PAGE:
This, and various bits about it being an acoustic album, to expect bum notes and to think of these as home demos, sets the bar of expectation pretty low - so much so that I was basically expecting an iPhone recording of him sitting on the sofa in front of 'Homes Under the Hammer', mumbling and playing the spoons. If these are also your fears (and, frankly, that does sound like the stuff of nightmares), then you'll be happy to hear that he's dramatically downplaying just how good this is. The scamp.

Yes, it's an acoustic album, but it's not sparse - there's a lovely full sound, with chiming acoustic guitars, the odd bit of percussion, some subtle keyboards, blues-y harmonica on 'Tearing Up The Room', and some wonderful multi-tracked and processed backing vocals here and there, such as the gorgeous "oooh, ooohs" which back up the gentle melody of 'The Inaccurate Man'. If this is not a production, I'd like to hear what he can do when he really goes for it. (Oh wait, I already did...)

But what about the songs, James, the songs? What are they like? Oh, ok, sorry. Well, they're like songs. With choruses, and verses, and middle eights. And lyrics - some of which are by longtime writing partner and Tinyfish spoken word maestro Rob Ramsay, but most of which are by Simon himself and deal with a theme that's extremely personal to him at the moment - moving on, loss, and leaving things behind. *sob* (Ok, you can stop feeling sorry for him now, he's buggering off to live in the US with his lovely, prog-fanatic fiancee.)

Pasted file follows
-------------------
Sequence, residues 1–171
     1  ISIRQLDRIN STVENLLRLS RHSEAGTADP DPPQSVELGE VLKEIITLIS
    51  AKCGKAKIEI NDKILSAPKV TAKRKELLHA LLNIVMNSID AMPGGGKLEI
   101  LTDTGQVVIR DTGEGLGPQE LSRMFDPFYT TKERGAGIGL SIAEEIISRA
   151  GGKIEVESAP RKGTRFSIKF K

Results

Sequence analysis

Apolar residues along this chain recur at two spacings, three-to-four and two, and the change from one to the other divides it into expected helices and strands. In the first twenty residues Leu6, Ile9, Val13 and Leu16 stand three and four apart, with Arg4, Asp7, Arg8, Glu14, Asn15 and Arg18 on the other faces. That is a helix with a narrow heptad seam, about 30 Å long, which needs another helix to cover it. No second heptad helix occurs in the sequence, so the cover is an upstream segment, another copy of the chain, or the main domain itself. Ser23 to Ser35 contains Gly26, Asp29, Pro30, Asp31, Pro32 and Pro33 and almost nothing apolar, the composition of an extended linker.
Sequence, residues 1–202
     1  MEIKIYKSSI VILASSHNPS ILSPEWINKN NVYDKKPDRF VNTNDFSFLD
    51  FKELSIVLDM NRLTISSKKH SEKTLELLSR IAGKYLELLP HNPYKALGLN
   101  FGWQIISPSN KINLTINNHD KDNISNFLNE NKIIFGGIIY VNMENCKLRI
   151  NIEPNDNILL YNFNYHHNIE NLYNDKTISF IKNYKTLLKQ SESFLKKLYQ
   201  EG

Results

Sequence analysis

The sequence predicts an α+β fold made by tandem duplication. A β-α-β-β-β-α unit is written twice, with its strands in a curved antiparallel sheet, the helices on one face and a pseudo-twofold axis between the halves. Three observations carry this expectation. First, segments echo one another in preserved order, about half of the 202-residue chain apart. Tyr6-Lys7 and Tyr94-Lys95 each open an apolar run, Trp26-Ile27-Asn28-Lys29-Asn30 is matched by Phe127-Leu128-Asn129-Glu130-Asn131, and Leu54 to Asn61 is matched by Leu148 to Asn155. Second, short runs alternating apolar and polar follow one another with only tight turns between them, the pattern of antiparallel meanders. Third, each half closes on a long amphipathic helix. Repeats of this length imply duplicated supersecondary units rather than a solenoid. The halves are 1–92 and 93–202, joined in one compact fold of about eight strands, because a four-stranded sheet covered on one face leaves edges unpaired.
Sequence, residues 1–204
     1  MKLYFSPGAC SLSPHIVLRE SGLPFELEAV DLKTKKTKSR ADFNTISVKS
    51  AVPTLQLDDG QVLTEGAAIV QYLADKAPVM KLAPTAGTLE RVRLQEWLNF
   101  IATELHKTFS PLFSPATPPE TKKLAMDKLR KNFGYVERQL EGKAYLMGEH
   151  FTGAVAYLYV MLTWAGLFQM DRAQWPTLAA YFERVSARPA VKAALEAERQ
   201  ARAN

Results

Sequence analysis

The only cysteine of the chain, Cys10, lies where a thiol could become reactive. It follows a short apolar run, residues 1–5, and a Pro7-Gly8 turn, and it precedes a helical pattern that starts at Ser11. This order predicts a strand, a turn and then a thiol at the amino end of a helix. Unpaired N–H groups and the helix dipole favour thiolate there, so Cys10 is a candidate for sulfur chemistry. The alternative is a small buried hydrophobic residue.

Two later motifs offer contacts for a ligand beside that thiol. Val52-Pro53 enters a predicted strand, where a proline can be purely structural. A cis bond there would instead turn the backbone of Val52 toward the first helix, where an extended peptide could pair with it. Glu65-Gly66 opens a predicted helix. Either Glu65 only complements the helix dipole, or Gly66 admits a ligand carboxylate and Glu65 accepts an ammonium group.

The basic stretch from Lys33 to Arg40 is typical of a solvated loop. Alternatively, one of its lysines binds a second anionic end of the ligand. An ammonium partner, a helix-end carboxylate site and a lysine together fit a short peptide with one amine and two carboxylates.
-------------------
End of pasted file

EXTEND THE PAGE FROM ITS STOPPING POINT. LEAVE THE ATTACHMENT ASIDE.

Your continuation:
This is no 'Face Value'-esque angry and bitter divorce record, though - no, in fact the more subdued numbers like 'The Inaccurate Man', and 'Sally Won't Remember', are beautiful and uplifting in their own way, and are, oddly for me, some of my favourites after a few listens. And when the lyrics do contain a touch of the angry, such as on 'God Help Me If I'm Wrong', there's still a rollicking, toe tapping tune to go along with it.

Two tracks I'd like to single out here, though - firstly 'Dust and Wires', which is perhaps the catchiest "new" song here, and encapsulates everything there is to love about Simon's songwriting. And then the closing 'Motherland', which is a moody instrumental piece with a touch of the Matt Stevens about it - until Rob pops up to offer a brief spoken word interlude with some thoughts which neatly tie up the album's concept.

"With everything we've seen, and everything we've done placed before us one last time,
We are judged purely on what we leave behind."

If this is Simon's parting gift to the UK, as the barely audible strains of the National Anthem suggest, I put it to you that we judge him favourably. (Or 'favorably' as he'll probably have to start spelling it now.)

Rating: 4/5
Buy Immediately: Faultlines / Dust and Wires / Tearing Up The Room /The Inaccurate Man / Sally Won't Remember / Motherland
Listen to: Everything else - as one glorious whole.
Destroy: Your preconceptions before hitting 'Play'.

Motherland by Simon Godfrey is released by Bad Elephant Music today! Like, right now. Head over to the BEM Bandcamp site to listen, download, pre-order a CD, or preferably all three.